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Preparing for Travel

Friday, August 12th

Preparing for Travel

A proactive traveler is a prepared traveler. Taking these necessary steps, well in advance of your next overseas trip will leave you feeling less stressed and could help you save money, time and a potential trip catastrophe.

  1. Immunizations. Whether precautionary or required in certain rural countries, it's a good idea to check for destination specific immunizations at least three months in advance of travel. Some immunizations can necessitate multiple doses before effective and can take longer than you may expect. You will also want to keep a record of your specific immunizations if asked to show proof upon arrival to your destination of choice.
  2. Passports. In recent years the US Government has passed new laws requiring passports for all travel outside of the United States for people of all ages. Passports are even required for travelers visiting Mexico, the Caribbean, and Canada. Three to six months before your trip make sure your passport is current and has enough blank pages for your next travel. If you have any issues you'll want to resolve right away as passport modifications and renewals can take several weeks to months to manage.
  3. Local Customs and Laws. The last thing you want to occur on your trip is getting in trouble with the natives or the government during your travels. It's a good idea to check out local laws and customs before traveling to your next international destination. Several websites exist today that allow you to quickly identify what you should and should not do in any specific country while traveling abroad.
  4. Medical Insurance. It's a good idea to call your health insurance company and discuss any available coverage in your destination of choice. If you have certain health issues or are going to a third world country, where common health scares can be a life or death situation, medical insurance and a medical evacuation plan is proactive thinking.
  5. Travel Insurance. Should something occur before or during your vacation you don't want to see your hard earned money wasted. Travel Insurance protects your investment should your trip be cancelled, you lose your luggage, or an emergency arises.
  6. Medicine. Should you get sick, a condition worsens or you are stuck due to common travel delays you'll need to have plenty of medicine to stay healthy, happy and out of an international hospital. The same medicines found in other countries can be much different than those you currently use. Utilizing a little more space in your suitcase for an emergency supply of medicine is a wise decision.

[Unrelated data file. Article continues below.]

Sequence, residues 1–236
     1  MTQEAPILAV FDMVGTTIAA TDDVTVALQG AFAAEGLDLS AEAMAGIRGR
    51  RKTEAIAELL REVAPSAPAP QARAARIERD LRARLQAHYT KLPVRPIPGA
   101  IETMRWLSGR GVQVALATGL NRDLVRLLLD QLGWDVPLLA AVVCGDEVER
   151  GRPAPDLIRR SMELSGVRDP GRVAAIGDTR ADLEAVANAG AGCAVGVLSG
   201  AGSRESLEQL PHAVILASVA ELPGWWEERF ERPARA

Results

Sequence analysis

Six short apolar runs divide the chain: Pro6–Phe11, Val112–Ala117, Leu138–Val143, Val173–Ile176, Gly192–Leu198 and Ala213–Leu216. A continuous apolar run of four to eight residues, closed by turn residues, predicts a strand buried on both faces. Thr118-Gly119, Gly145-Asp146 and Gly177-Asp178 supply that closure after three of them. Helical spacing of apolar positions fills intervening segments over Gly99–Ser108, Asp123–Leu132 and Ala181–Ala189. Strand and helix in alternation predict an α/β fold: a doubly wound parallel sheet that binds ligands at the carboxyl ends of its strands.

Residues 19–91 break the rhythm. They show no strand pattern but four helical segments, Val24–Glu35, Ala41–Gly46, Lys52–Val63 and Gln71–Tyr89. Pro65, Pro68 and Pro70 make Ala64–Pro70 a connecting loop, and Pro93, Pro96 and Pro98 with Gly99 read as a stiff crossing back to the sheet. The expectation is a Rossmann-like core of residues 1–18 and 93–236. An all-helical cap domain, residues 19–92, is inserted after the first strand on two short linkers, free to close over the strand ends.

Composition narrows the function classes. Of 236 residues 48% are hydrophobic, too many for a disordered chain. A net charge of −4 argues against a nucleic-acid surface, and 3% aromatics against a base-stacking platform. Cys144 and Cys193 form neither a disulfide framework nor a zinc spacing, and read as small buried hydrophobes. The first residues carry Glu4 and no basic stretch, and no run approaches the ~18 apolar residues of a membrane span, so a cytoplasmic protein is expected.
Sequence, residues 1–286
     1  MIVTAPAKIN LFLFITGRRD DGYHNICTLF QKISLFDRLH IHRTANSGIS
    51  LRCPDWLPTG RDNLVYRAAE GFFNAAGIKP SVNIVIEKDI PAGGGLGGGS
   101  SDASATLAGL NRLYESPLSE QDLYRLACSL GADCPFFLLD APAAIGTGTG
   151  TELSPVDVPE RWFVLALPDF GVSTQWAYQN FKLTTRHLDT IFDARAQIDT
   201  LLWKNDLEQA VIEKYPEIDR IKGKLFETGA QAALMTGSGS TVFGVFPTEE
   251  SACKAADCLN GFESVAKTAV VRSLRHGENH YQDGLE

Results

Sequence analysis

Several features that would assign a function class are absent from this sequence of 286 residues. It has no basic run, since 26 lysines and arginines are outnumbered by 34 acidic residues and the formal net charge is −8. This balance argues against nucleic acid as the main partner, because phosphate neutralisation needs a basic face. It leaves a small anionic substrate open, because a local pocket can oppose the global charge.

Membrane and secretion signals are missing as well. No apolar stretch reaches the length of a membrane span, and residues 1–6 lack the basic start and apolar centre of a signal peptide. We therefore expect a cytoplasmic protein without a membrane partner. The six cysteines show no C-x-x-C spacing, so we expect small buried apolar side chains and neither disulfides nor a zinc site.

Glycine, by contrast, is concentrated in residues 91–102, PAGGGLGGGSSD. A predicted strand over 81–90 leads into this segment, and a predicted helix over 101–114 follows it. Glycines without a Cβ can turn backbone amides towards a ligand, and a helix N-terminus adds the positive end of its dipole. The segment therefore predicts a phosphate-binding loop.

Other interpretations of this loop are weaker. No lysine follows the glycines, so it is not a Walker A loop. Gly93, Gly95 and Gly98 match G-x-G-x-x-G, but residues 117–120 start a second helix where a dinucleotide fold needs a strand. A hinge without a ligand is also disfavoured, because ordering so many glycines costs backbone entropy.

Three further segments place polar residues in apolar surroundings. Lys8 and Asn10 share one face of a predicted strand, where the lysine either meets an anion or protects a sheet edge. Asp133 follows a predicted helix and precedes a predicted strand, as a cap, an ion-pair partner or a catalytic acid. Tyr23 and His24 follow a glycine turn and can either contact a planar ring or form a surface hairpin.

Being proactive with both your passport, insurance, medical needs and country research will help avoid a travel nightmare and wasted money.

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Passport Service FAQ

If you are a US citizen traveling outside of the country, you will need a passport. The only exceptions are US territories like Puerto Rico, the USVI, American Samoa and Guam. Gone are the days of traveling to Canada or Mexico with just a birth certificate in hand!
That depends on your destination. There are over 170 countries that do not require a visa for US citizens to enter, but nations such as China, Brazil and Chile have visa requirements.
If you were at least 16 years old when you got your passport, it will be valid for 10 years from the date of issue. On the other hand, if you were under 16, it will only be valid for 5 years.
Fees for a passport can change at any time, but historically they've been set at $110 for an adult and $80 for a minor (under the age of 16). You may also have service fees charged by the location where you submit your application (e.g. the Post Office or local governmental facility), and you'll need to submit regulation passport photos.
First, report a lost or stolen passport to the US State Department (which can be done online or via phone at 877-487-2778). Next, if you are still in the US, you can apply for a replacement following the same procedures as a regular application. Or, if you are outside of the US, you should contact the nearest US embassy or consulate to get a replacement.
You can pay a $60 expedite fee and an extra $17.56 for 1-2 day delivery, but even then the State Department says your passport can take up to 6 weeks! If you have international travel scheduled within 72 hours, you may be able to get an in-person appointment - but in that case, as well as in the event of having a trip coming within that 6-week wait time, your best bet is probably to use a passport service.
A passport service handles all of the paperwork and appointments to get your passport in hand. Believe it or not, it's possible to get your passport in hand within 24 hours!
They're more affordable than you might think, especially if you've got a trip that would be cancelled (with no refund!) without a passport in hand. You can get a one-business-day turnaround for under $300, and some passport services even offer emergency (same business day) options for that amount too. Keep in mind that those fees don't always include what the State Department charges for passport processing, or the expedited shipping to get your passport to you that quickly.

Compare Passport Services

Select any 2 Passport Services to compare them head to head

best-passport-services
  • Passport Visas Express
  • Fastport Passport
  • Travel Visa Pro
  • TDS
  • Fast Passport Center
  • Fast Passports and Visas
  • Expedited Passports and Visas
  • Passports and Visas
  • Visa HQ
  • Travisa
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